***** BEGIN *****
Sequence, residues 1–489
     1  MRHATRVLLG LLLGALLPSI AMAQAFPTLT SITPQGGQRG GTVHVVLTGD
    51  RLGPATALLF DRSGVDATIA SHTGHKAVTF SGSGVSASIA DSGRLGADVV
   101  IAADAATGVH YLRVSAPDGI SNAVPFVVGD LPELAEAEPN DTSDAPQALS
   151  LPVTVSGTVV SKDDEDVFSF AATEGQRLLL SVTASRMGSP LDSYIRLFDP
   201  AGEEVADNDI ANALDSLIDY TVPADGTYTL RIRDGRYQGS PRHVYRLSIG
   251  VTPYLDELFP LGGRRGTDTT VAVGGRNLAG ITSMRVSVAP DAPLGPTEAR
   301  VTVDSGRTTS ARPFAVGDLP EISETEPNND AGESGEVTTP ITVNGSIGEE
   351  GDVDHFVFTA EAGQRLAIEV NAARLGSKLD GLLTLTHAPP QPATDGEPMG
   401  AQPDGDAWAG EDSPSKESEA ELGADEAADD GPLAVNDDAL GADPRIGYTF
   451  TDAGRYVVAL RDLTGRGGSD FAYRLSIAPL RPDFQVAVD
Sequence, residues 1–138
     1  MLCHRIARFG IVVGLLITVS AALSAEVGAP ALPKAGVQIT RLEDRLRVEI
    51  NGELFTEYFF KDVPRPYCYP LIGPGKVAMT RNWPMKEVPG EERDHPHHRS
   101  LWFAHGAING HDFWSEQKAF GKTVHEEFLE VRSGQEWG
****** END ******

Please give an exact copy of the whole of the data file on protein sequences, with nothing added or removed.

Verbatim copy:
Sequence, residues 1–489
     1  MRHATRVLLG LLLGALLPSI AMAQAFPTLT SITPQGGQRG GTVHVVLTGD
    51  RLGPATALLF DRSGVDATIA SHTGHKAVTF SGSGVSASIA DSGRLGADVV
   101  IAADAATGVH YLRVSAPDGI SNAVPFVVGD LPELAEAEPN DTSDAPQALS
   151  LPVTVSGTVV SKDDEDVFSF AATEGQRLLL SVTASRMGSP LDSYIRLFDP
   201  AGEEVADNDI ANALDSLIDY TVPADGTYTL RIRDGRYQGS PRHVYRLSIG
   251  VTPYLDELFP LGGRRGTDTT VAVGGRNLAG ITSMRVSVAP DAPLGPTEAR
   301  VTVDSGRTTS ARPFAVGDLP EISETEPNND AGESGEVTTP ITVNGSIGEE
   351  GDVDHFVFTA EAGQRLAIEV NAARLGSKLD GLLTLTHAPP QPATDGEPMG
   401  AQPDGDAWAG EDSPSKESEA ELGADEAADD GPLAVNDDAL GADPRIGYTF
   451  TDAGRYVVAL RDLTGRGGSD FAYRLSIAPL RPDFQVAVD
Sequence, residues 1–138
     1  MLCHRIARFG IVVGLLITVS AALSAEVGAP ALPKAGVQIT RLEDRLRVEI
    51  NGELFTEYFF KDVPRPYCYP LIGPGKVAMT RNWPMKEVPG EERDHPHHRS
   101  LWFAHGAING HDFWSEQKAF GKTVHEEFLE VRSGQEWG